Behold this joyful mystery, connected to the Fear of the Lord – a fear at this point of life, in creating, for each parent! With all the concerns over purity? So had Simeon been a Pharisee or a Sadducee who did not believe in Resurrection? What had become obsessive to the Pharisees, when there was only one way to think, to worship, would become the threat of the very same human condition, over purity, as Church and State now co-existed uneasily, within the Roman Empire. Behold Simeon who felt that he could take the baby into his arms? And did you think back to in the story of two women who lived in the same house, both of whom had an infant son but one woman claimed that the other, after accidentally smothering her own son while sleeping, claimed this infant? Though the event had occurred in the First Temple.  How did Joseph respond to this Simeon whose name also is connected with the idea of ‘miscegenation’?  How exactly was this Simeon God’s servant, telling Mary, “And you yourself a SWORD will pierce,” which left most readers gasping? In this incredible story of The Presentation, there is her companion, Joseph, wondering in the conflict over to whom Your son would belong, over who would be saved, with involvement – some kind of personal involvement – as the formation process of – a “given,” based upon what you don’t know or think that you do, about the MYSTERY – the Messiah begins. So from where did Jesus originate? How do you form a Messiah? As one of us! And what would your child look like to your neighbors, as you returned home?

Consider that first day back home on the job as the parent of a Messiah. With the entire tradition resting upon purity, washing, dinnerware, bloodlines, in this great unsettling Presence … in The Spirit of the Lord. With what you had grown up.

Narrative tension is primarily about withholding information. In any relationship, as your place of birth blinds you to the outside world, with language directed at intimations of attachment, This Spirit from where you come … founded on the back of sacrifice. There is the issue of undivided support as Joseph seems forced to take a vow of chastity, living in the house with Mary and the Son of Man. This theology of Purity, ever since the time of Abraham, with Sarah, his half-sister, passing on something to your first born son.  Born into a tradition, of mostly the Sacrifice in the story, with the same kind of dreams as Abraham, as Joseph the prophet.  Being somehow saved by giving up something like your own son, with a certain amount of this protected status … in the beginning, closest to home somewhere in Israel. In a story when both Mary and Joseph had the tradition, what has become of the command given to Adam to cleave? “Therefore, a man shall leave his father and his mother, and cleave to his wife, and they shall become one flesh.” Though Joseph had, in his calling, representing the entire tradition of the House of David, here he is still cleaving to his perfect wife perhaps out of the prejudice that he had about the outside world. Like Abram.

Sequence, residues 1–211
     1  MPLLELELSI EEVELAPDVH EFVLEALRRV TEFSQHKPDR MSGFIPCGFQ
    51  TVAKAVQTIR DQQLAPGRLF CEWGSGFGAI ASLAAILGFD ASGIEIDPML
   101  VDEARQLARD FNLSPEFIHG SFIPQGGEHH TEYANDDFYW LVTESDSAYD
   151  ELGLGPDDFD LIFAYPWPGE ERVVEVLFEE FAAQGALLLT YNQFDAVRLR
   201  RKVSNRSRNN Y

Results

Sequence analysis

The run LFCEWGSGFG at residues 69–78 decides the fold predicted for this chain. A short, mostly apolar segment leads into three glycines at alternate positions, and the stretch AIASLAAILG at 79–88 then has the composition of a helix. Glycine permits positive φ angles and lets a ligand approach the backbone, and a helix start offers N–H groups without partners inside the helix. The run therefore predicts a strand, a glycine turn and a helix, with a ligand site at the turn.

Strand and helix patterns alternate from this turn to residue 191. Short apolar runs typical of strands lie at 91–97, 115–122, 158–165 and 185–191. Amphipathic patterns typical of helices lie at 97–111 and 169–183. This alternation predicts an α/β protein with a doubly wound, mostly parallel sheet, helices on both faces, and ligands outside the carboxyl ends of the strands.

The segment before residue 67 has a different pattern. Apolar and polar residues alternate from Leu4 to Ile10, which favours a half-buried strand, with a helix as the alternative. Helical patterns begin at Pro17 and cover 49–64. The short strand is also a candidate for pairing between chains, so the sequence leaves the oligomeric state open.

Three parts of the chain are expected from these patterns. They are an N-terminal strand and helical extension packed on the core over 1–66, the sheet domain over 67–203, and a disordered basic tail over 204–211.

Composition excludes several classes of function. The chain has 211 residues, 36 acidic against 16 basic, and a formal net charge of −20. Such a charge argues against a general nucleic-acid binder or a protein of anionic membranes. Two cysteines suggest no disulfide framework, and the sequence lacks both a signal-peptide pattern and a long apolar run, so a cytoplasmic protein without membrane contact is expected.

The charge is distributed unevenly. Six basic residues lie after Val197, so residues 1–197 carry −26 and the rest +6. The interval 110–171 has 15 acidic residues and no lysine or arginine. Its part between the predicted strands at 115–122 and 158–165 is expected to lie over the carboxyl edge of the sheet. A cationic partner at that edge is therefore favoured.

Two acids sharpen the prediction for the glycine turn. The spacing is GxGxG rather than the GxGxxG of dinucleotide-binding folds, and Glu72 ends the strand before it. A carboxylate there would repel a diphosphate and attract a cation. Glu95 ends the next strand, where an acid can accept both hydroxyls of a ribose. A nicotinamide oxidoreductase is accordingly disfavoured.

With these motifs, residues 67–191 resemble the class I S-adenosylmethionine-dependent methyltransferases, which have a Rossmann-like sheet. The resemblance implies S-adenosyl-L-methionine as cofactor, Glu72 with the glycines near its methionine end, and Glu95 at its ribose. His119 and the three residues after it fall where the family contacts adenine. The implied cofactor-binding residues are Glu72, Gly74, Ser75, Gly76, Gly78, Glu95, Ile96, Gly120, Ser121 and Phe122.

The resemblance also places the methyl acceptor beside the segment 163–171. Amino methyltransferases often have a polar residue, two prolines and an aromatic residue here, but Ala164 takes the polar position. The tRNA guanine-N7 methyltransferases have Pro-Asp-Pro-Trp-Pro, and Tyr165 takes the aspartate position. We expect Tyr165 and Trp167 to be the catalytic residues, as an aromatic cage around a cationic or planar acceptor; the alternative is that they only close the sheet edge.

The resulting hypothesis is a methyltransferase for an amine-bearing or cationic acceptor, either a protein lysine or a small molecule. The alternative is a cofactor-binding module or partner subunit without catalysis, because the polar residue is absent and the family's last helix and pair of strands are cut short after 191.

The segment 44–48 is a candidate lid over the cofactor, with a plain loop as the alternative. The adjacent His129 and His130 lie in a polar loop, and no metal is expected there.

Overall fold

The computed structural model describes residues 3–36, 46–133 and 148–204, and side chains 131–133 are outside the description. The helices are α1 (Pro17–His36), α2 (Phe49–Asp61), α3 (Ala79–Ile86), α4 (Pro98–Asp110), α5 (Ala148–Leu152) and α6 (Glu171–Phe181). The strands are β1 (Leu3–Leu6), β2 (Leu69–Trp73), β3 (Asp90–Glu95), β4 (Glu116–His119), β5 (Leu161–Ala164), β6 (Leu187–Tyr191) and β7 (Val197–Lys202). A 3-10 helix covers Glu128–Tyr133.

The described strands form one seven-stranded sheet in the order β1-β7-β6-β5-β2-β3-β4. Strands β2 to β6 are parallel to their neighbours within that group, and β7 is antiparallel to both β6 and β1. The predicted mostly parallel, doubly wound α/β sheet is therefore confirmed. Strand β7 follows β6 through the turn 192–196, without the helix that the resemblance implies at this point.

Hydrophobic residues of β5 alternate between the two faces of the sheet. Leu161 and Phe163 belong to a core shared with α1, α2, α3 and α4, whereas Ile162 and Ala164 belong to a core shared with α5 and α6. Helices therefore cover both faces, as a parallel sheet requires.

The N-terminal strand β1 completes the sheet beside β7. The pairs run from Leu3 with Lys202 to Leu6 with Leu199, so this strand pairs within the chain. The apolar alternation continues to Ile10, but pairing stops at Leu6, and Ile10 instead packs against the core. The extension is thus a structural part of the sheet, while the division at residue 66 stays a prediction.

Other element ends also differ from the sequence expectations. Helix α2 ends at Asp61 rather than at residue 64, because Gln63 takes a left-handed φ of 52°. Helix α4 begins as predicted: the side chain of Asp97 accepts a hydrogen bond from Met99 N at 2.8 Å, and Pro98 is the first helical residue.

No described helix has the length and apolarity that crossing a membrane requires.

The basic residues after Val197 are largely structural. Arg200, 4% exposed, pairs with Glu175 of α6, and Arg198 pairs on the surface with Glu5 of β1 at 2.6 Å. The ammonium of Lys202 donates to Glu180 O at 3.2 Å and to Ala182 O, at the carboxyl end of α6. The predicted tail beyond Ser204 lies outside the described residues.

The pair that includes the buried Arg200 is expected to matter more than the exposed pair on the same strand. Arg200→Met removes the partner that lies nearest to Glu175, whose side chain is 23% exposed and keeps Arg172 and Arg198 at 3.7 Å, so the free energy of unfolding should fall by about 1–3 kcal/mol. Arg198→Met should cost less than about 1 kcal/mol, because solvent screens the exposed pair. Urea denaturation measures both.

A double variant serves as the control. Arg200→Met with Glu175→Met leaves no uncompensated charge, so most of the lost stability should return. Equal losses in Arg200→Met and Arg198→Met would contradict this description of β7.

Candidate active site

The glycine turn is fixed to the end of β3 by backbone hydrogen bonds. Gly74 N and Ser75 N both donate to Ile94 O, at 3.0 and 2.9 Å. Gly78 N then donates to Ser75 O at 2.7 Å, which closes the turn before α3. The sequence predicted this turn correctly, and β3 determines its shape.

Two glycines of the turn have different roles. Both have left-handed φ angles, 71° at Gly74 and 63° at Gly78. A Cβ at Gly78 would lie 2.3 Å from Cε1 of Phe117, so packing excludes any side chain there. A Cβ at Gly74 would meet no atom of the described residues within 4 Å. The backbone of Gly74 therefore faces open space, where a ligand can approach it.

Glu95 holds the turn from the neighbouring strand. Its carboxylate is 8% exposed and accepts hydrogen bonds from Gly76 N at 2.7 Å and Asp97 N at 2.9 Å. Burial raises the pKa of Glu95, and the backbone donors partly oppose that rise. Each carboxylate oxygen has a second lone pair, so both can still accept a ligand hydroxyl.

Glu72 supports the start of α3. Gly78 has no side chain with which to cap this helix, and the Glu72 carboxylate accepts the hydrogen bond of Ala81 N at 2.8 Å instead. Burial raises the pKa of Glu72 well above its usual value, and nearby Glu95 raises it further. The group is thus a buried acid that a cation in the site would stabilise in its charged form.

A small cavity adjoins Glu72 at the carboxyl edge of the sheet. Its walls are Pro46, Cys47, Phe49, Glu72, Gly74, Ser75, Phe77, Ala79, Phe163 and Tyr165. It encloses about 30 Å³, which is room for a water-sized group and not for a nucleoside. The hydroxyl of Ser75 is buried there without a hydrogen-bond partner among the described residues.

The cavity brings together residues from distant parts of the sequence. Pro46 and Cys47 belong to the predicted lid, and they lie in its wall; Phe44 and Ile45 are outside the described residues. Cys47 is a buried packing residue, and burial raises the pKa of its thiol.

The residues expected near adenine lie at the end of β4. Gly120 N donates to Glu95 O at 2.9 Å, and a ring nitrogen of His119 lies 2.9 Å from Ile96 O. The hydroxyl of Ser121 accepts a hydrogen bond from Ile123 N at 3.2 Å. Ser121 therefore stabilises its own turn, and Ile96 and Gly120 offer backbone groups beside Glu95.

When you left home for a census, in a certain Call, when your God is not restricted to one place, one land, with borders. And then, from this tradition of a nomad, passing on SAVING, after being saved, uncovering the mystery, through story.  Mary and Joseph meeting Magi, and strangers in the Temple who have come looking for their son.  In their return to the Promise Land, behold the sacrifice to come, with the fear in the story, as doubt always is at the center of either mystery or faith which moves THESE STORIES beyond the power of imagination.

Locate the personal boundaries in the story, with violations of individual if not communal boundaries in the story of the Presentation. By Simeon, for one. Note the conflict over power in the story, when surrounded by so many of your kinsmen, the very same human condition, whether as the last person on earth — or the first — and feeling so all alone? Behold the need for a coverup, living with exception to these kinsmen, with Mary and all the strangeness of her Virgin birth, through the things not physically shared – the torture of her ability to carry the Living God of Abraham to the next generation through this child.

Behold the Lamb of God, identified by the shepherds, in the beginning of! Behold all the human interest in times of trouble, between Church and State, at about the time Herod the Great has died, after the split in the two kingdoms as the Romans had moved in. Living with the invisible loss of your own language, as PLACE is used against you, after PLACE claims you again as its slave? In the eyes of the Romans, with their Latin, like the English brought their language to Ireland? So how old were, how blind were, how oppressed were the eyes of all? Behold the human meaning in the story about a Messiah in the RETURN home after the first time in the Temple. If you get the small details wrong, with all the fear in the story about power over me involving splits, in the LAND, the bond which came not from suffering but from the sacrifice, you will get the big picture wrong – affecting if not your land and your own displacement, from your place of origin, then at least the life of your son.